I love the Scriptural realism and comfort of the Heidelberg Catechism. It boldly proclaims, on the basis of the Word of God, that our God is sovereign and good, being both Almighty God and a Faithful Father. Moreover "all things come not by chance, but by His fatherly hand" (HC 27).
There is much of God's goodness that we take for granted, much of his kindness that we respond to as if were the only proof of his providential rule. But his sovereign rule and providence are much greater than that.
In the book of Ruth we see God's providence on the macro and micro levels.
- The harvest happens according to his will, "the LORD had visited his people and given them food" (1:6).
- The birth of Obed too is under his sovereign will, "the LORD gave her [Ruth] conception, and she bore a son" (4:13)
Yet there are also dark providences. Death, the grave, an uncertain future, bitterness, are all realities in the narrative. There would be no happy ending without these times of pain and sorrow. It is Naomi who gives voice to this sense of anguish, the hopelessness of the hand of the Lord being against her (1:13). She has felt deep wounds. And yet she still acknowledges that her God is sovereign (1:21).
From the vantage point of the end of the book it is clear that these mundane events have served the greater purpose of being part of that story of King David's history (4:17-22). Unknown to all the dramatis personae caught up in the sorrows and joys (1:13, 19-21; 4:14-16) is this greater divine purpose hidden from their view, but strong and sure and real and good and true.
There is, of course, an even greater vantage point from which to survey the struggles of life in the book of Ruth. As the first page of the New Testament is turned we see that God's purpose through this family, and this line, was to bring to realisation the coming of his Son into the world.
And Boaz the father of Obed by Ruth, and Obed the father of Jesse, and Jesse the father of David the king...and Jacob the father of Joseph the husband of Mary, of whom Jesus was born, who is called Christ. So all the generations from Abraham to David were fourteen generations, and from David to the deportation to Babylon fourteen generations, and from the deportation to Babylon to the Christ fourteen generations. (1:5-6, 16-17)There were great purposes of grace at work even during days of dark providences. There was a mighty hand guiding all events according to the counsel of God even when the coming of Christ appeared to hang by a thread, and rested on the turn of a conversation (1:7-17).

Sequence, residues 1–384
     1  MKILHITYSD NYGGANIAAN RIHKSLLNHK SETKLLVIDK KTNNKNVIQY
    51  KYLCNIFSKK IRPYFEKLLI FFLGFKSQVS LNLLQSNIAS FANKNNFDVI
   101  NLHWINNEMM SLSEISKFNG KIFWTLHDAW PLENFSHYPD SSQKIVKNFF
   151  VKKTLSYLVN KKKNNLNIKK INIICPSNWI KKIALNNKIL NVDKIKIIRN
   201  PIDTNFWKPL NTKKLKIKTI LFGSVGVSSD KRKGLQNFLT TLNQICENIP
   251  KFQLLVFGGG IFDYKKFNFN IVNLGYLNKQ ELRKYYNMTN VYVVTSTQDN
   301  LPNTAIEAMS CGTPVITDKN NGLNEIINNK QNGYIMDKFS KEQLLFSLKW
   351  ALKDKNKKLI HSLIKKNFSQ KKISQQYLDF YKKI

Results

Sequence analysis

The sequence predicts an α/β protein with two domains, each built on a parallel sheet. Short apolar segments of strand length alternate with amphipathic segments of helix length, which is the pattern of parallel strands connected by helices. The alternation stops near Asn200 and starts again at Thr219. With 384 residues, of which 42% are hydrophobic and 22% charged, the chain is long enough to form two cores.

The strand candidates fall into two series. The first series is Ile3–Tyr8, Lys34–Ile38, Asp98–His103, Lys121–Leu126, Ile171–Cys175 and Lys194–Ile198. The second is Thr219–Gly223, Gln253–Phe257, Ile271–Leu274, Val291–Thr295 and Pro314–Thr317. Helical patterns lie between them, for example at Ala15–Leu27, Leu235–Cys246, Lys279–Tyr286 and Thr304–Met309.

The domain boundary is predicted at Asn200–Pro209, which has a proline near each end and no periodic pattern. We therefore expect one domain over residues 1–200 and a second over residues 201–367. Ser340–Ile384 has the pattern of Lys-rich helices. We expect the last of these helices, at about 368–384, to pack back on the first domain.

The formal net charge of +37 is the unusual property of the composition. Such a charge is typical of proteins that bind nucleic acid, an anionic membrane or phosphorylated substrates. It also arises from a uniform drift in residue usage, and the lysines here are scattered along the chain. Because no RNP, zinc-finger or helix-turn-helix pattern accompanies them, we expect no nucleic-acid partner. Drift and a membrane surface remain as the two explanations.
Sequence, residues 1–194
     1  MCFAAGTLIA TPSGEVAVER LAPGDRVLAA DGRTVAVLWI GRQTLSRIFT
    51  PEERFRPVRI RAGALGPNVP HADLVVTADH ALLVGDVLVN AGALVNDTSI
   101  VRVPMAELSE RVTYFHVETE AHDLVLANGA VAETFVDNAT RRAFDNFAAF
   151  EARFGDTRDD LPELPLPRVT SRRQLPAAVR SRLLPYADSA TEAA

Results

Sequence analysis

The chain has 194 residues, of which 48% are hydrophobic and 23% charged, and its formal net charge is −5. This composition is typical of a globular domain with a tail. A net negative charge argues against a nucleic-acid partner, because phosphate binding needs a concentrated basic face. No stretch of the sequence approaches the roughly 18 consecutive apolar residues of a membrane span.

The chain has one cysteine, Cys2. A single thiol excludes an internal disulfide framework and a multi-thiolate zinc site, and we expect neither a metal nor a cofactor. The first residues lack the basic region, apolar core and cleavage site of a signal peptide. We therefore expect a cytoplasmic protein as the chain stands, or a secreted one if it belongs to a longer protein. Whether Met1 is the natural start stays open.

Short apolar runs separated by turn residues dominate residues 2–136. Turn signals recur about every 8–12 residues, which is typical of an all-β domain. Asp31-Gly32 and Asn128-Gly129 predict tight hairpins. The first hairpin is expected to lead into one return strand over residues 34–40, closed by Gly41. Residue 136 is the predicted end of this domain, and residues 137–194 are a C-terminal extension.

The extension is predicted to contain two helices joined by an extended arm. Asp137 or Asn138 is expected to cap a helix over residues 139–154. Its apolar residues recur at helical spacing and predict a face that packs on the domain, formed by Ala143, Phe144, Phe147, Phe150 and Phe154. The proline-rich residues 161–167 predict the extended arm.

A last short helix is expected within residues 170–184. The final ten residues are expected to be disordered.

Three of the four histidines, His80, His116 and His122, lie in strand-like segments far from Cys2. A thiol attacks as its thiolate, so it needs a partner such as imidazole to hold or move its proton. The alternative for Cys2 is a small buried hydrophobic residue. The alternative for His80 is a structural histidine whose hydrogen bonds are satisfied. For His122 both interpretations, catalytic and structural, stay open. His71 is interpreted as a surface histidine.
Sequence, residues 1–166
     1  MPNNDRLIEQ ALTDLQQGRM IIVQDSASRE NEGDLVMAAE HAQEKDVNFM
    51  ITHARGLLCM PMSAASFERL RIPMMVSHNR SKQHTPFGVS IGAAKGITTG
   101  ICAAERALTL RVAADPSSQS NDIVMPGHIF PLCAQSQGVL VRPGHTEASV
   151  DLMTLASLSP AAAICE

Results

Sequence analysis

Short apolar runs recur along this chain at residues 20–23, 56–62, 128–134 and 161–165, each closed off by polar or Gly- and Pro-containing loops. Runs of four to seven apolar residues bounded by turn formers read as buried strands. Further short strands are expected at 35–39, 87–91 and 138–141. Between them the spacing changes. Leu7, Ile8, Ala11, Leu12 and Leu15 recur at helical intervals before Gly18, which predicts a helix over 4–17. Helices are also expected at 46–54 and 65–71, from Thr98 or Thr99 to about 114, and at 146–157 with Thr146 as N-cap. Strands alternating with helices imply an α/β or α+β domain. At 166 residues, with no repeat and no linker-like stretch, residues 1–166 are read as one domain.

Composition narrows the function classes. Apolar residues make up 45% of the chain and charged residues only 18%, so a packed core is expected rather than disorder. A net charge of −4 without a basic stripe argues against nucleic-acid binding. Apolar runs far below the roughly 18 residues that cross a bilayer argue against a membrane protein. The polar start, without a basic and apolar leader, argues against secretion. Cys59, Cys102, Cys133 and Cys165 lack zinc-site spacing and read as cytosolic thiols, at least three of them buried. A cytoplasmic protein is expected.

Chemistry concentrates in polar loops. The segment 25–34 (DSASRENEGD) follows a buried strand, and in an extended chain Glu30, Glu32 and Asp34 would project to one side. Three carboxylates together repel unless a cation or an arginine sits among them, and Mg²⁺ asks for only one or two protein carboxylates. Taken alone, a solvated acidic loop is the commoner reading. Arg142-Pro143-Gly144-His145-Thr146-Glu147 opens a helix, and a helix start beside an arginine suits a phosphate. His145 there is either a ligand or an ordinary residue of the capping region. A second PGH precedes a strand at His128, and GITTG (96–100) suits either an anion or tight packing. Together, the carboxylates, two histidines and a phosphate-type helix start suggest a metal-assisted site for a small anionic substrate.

What should this evoke from us?
- Deep and heartfelt thanks for the outworking of God's gracious sovereign plan in history that culminated in the incarnation.
- Confidence in our covenant God and his providence. In the words of Heidelberg Catechism 28:
What does it profit us to know that God created, and by His providence upholds, all things?
That we may be patient in adversity, thankful in prosperity, and for what is future have good confidence in our faithful God and Father, that no creature shall separate us from His love, since all creatures are so in His hand, that without His will they cannot so much as move.
What is stated so well in the Catechism was also movingly expressed by Sarah Edwards as she wrote to her daughter Esther on the 3rd April 1758 to break the news of the death of her husband Jonathan:
What shall I say: A holy and good God has covered us with a dark cloud. O that we may kiss the rod, and lay our hands on our mouths! The Lord has done it. He has made me adore his goodness that we had him so long. But my God lives; and he has my heart. O what a legacy my husband, and your father, has left to us! We are all given to God: and there I am and love to be.